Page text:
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A stroll through Swiss history at Geneva’s Cemetery of Kings

Calvin's grave in the Cemetery of Kings Keystone

Created in 1482 as a resting place for victims of the plague, the Cimetière des Rois (Cemetery of Kings) is the oldest existing cemetery in Geneva. Its graves hold many of the figures who helped shape modern-day Switzerland.

This content was published on August 2, 2020 - 11:00
Bill Harby

Officially named Cimetière Plainpalais (Plainpalais Cemetery), this has long been known as the Cimetière des Rois not because any kings are buried here, but because it borders the Rue des Rois. Instead of royalty, this lovely little burial park in Geneva’s Jonction quarter is the final home of numerous Swiss and international luminaries, which is why it’s also called the Panthéon Genevois (Geneva Pantheon).

The cemetery’s original inhabitants had been patients at the city’s adjacent Plague Hospital. Today those unfortunates and the hospital are long gone, and it’s hard to imagine what a grim place it must have been.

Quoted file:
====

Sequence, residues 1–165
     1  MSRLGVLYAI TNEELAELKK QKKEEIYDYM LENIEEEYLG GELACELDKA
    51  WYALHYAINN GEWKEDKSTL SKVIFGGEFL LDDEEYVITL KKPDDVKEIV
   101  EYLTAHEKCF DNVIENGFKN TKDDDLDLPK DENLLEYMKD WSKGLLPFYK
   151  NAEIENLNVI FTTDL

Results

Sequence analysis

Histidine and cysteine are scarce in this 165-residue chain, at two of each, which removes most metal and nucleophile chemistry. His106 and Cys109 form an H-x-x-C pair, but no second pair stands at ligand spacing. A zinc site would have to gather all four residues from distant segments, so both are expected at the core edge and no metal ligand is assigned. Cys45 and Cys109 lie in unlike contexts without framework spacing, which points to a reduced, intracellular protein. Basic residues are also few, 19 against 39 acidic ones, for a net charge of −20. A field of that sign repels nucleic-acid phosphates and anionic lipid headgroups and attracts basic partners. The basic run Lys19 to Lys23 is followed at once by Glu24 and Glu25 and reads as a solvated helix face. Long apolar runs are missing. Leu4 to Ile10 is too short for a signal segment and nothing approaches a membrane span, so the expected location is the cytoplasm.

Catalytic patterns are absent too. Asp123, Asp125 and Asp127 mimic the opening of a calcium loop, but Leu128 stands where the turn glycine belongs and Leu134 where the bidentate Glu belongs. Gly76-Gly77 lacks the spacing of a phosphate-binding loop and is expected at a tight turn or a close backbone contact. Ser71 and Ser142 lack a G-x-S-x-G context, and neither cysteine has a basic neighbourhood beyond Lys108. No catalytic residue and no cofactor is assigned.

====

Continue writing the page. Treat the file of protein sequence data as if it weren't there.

Now, it’s a verdant little park (2.8 hectares), not a grid of manicured graves, but large grassy areas criss-crossed by white gravel walkways shaded by shrubs and trees. The landscapers let the grass grow longer than you might expect, and they resist over-pruning the shrubs. Benches offer comfortable places to sit and contemplate. One provocative bench is bookended and covered by two vertical question marks. Recently, a mother and her toddler sat there munching pretzels. She brings her boy here every week because “it’s calm, the trees are beautiful, the benches are comfortable, and there’s no dog poop,” she said in French. They live ten minutes away.

The cemetery feels like a rural park – a park that’s beautiful above ground, and fertile beneath with its many great minds and hearts.